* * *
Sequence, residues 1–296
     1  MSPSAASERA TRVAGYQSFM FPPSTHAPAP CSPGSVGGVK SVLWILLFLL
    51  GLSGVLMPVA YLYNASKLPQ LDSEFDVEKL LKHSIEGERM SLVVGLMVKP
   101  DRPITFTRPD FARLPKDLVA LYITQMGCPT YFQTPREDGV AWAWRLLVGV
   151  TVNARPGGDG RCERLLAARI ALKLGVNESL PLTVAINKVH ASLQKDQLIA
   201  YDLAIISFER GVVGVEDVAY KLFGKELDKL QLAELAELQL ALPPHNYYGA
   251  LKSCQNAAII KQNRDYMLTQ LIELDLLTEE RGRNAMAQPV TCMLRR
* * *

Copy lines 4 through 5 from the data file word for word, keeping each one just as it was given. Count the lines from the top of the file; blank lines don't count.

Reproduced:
   101  DRPITFTRPD FARLPKDLVA LYITQMGCPT YFQTPREDGV AWAWRLLVGV
   151  TVNARPGGDG RCERLLAARI ALKLGVNESL PLTVAINKVH ASLQKDQLIA